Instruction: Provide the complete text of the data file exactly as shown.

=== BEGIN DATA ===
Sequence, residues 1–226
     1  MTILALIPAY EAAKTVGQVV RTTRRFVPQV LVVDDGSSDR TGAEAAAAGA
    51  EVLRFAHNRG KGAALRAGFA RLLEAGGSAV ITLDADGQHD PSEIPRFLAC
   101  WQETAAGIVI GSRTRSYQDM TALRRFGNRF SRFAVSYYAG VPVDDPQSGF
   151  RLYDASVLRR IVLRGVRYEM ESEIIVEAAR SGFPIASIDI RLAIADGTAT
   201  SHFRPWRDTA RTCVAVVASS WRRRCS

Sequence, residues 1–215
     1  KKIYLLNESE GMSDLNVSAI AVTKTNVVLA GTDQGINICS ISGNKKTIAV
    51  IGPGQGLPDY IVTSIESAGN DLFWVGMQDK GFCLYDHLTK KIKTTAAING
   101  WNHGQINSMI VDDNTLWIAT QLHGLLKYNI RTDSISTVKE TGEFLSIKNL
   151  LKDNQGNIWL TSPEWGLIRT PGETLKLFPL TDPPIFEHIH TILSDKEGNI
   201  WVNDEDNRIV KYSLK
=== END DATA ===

Sequence, residues 1–226
     1  MTILALIPAY EAAKTVGQVV RTTRRFVPQV LVVDDGSSDR TGAEAAAAGA
    51  EVLRFAHNRG KGAALRAGFA RLLEAGGSAV ITLDADGQHD PSEIPRFLAC
   101  WQETAAGIVI GSRTRSYQDM TALRRFGNRF SRFAVSYYAG VPVDDPQSGF
   151  RLYDASVLRR IVLRGVRYEM ESEIIVEAAR SGFPIASIDI RLAIADGTAT
   201  SHFRPWRDTA RTCVAVVASS WRRRCS

Sequence, residues 1–215
     1  KKIYLLNESE GMSDLNVSAI AVTKTNVVLA GTDQGINICS ISGNKKTIAV
    51  IGPGQGLPDY IVTSIESAGN DLFWVGMQDK GFCLYDHLTK KIKTTAAING
   101  WNHGQINSMI VDDNTLWIAT QLHGLLKYNI RTDSISTVKE TGEFLSIKNL
   151  LKDNQGNIWL TSPEWGLIRT PGETLKLFPL TDPPIFEHIH TILSDKEGNI
   201  WVNDEDNRIV KYSLK